Wheat Jumps as Russian Export-Tax Talk Fuels Supply Worries
(Bloomberg) -- Wheat climbed from Minneapolis to Paris after a Russian official suggested the country could raise grain-export taxes if prices surged, adding to concerns about an already tight global market.
Russia could revise the formula behind its floating grain-export tax if there is a significant increase in global prices, Agriculture Minister Dmitry Patrushev said at a government meeting Wednesday. The tax has been in place since mid-year in an effort to slow sales abroad and cool domestic food inflation. Russia also plans to set a grain-export quota again in the first half of next year, he said.
Wheat prices in Chicago reached the highest since 2012 earlier this month and Paris futures hit a record after crops around the world were hit by droughts, frost and heavy rain. The U.S. Department of Agriculture on Tuesday cut its outlook for global supplies more than analysts were expecting.
“In the event of a significant increase in world prices, let’s say up to $400 per ton and more, the formula for setting the floating-export duty will be revised upwards,” Patrushev said.
Prices are still well below that level, and he didn’t provide any more detail. Recent measures from Russia including the export tax and the quotas have had limited effects on total seasonal volumes. Grain exports have continued even as the floating tax more than doubled in recent months.
Still, traders are likely to be on edge, given the tightness in the market.
“Any time you have the thought of quotas and taxes being revised or talked about, it tends to stir up a little bit of fear on ‘what if’ this happens,” said Matt Ammermann, commodity risk manager at StoneX. “But then we also had a USDA report yesterday,” which cut the outlook for global wheat stockpiles and boosted the trade outlook to a record.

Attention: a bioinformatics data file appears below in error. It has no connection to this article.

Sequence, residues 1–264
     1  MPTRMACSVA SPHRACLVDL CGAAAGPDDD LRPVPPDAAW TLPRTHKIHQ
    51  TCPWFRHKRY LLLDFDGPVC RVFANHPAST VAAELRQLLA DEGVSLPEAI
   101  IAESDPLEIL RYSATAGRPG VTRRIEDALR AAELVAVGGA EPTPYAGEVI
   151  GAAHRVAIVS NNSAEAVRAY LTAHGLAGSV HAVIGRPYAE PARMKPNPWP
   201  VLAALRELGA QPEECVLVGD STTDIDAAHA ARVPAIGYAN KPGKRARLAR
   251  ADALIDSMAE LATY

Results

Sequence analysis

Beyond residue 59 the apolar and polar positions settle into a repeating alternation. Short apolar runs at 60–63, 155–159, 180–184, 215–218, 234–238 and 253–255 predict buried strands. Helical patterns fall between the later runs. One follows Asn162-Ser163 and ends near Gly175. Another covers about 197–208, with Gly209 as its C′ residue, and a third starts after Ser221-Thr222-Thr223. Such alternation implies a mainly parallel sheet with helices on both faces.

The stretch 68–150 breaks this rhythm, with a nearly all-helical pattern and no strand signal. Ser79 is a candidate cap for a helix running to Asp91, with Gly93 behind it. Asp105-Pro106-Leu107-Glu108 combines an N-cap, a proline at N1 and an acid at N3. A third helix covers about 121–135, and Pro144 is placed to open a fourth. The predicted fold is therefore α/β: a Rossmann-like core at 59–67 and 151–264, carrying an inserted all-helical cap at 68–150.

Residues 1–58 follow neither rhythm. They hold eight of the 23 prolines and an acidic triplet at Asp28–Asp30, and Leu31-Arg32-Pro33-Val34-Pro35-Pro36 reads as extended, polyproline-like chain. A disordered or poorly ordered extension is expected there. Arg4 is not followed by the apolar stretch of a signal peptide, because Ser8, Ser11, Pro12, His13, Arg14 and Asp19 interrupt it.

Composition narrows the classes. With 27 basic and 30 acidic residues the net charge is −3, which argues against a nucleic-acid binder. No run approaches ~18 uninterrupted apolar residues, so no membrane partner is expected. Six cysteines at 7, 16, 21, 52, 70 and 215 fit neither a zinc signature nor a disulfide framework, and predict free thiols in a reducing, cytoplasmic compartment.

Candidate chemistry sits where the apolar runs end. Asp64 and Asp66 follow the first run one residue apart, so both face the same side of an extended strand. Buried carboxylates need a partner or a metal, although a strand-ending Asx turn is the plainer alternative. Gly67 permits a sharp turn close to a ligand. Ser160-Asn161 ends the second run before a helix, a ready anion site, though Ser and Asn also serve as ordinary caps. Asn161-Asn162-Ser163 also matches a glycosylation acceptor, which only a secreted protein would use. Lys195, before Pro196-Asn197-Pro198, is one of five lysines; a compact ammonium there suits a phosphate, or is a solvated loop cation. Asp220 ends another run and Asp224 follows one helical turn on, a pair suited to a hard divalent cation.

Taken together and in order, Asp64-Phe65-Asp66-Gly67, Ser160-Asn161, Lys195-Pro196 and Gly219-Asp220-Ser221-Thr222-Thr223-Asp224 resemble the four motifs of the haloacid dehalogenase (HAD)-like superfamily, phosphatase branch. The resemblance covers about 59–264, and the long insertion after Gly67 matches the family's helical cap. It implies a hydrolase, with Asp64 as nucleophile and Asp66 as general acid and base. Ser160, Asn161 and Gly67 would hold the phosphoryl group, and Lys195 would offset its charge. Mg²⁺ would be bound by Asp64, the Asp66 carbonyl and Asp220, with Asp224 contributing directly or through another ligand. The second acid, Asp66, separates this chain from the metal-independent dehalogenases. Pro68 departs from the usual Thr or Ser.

Milling-wheat futures in Paris ended the trading day 2.9% higher, the biggest gain since mid-August.
Wheat futures in Chicago rose 2.6% to $7.99 a bushel as of 12:08 p.m. local time. Hard red winter wheat jumped as much as 2.8% higher to $8.1575 a bushel, the highest since 2014, before slightly paring the gain. In Minneapolis, spring wheat rose for a third straight session.
The size of Russia’s next quota will be determined at the end of the year, “taking into account the revised volume harvest, as well as the rate of export in the first half of the current agricultural season,” Patrushev said.
The quota is planned from mid-February, the ministry said earlier. Russia estimates domestic demand at about 80 million tons of grains, Deputy Minister Oksana Lut said last week.
“If the largest exporter says it could make export taxes more restrictive then that’s bullish,” said Andrey Sizov, managing director at consultant SovEcon. “While global prices remain elevated and CPI remains high, that implies that it will stay on the radar of officials.”
One potential option to adjust the tax would be a reduction in the non-taxable threshold, which is currently $200 per ton of wheat, said Eduard Zernin, head of the Russian Union of Grain Exporters.
In other agriculture commodities, corn and soybeans in Chicago gained for a second straight day as traders continue to digest the latest big crop forecasts from the U.S. Department of Agriculture.
Lean hog futures in Chicago also increased, rising as much as 1.2% after the U.S. said faster pig slaughtering will be allowed under a pilot program. Read more here.
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